from the Break Through, V. 1, P.3

This is a Droodle, or our version of one anyway.  Droodles were originally drawn by Roger Price in 1953 and have served as napkin decor, rock album covers, newspaper cartoons, and most importantly, brain teasers. Why are they important?  Well, they can demonstrate our limited imagination. Or, even better, they can demonstrate the power of our creative, expansive imagination.

So, what do you see?

Unfortunately, as adults we lose a bit of our ability to see beyond what’s right in front of us.  We lose the courage to take risks and we worry that we’ll proclaim the wrong answer.  And worst yet, when we think we’ve got the answer, or a pretty good answer, or, just an answer, we don’t have time to think up another possible answer.  We go with the first one that works.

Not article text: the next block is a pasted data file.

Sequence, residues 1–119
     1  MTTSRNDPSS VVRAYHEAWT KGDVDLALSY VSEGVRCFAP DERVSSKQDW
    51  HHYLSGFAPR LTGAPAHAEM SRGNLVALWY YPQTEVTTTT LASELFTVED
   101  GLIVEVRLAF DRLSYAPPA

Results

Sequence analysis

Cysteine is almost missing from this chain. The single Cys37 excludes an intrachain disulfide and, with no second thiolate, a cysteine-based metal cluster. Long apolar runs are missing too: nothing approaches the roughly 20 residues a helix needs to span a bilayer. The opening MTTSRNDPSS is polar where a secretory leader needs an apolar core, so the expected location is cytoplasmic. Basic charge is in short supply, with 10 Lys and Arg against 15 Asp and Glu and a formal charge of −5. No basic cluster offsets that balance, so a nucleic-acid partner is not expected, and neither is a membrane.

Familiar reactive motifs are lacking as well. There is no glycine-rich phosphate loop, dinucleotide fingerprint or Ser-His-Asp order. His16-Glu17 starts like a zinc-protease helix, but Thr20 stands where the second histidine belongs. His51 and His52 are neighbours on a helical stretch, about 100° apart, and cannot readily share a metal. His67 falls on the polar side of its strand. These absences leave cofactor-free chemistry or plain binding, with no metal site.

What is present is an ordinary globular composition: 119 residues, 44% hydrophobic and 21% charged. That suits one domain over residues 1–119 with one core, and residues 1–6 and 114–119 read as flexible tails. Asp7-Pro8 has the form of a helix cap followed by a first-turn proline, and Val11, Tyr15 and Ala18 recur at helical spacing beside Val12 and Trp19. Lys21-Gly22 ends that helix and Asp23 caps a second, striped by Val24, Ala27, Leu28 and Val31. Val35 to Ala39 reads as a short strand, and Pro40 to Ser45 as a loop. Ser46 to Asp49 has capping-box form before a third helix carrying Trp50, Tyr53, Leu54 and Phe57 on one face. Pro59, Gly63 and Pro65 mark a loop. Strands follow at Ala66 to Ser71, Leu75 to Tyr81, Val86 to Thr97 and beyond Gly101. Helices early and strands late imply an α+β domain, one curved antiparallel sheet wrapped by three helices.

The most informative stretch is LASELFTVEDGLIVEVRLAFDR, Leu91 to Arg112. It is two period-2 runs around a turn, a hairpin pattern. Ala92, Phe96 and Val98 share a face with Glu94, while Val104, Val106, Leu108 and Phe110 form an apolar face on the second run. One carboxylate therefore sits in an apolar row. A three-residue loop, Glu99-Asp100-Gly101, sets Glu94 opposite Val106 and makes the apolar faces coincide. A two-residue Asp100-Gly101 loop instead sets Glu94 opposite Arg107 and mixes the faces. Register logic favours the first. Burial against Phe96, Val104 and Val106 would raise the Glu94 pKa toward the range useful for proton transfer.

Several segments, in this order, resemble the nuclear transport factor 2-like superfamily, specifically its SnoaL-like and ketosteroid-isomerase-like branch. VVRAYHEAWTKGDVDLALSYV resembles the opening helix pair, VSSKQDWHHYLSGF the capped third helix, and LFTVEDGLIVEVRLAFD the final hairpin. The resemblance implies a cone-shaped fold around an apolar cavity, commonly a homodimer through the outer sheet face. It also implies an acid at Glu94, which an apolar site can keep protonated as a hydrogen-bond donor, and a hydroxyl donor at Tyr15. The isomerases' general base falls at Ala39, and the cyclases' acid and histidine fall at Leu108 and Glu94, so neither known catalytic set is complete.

But right now, you’re on your own.  No one is listening or watching you.  Take five minutes and practice the critical skill of Divergent Thinking: brainstorm, without judgment, as many possible things that this Droodle picture could be. You won’t be wrong, I promise.  Well, you might be if you don’t actually push yourself to come up with at least seven ideas.  Here’s a couple to get your cylinders firing:

A Florida surfer riding a wave and holding a Sunkist Orange …

A pitcher throwing up-hill in the Himalaya …

A snowball fight just beginning …

And watch for next week’s Creative Spark, as we explore Divergent Thinking a bit more.

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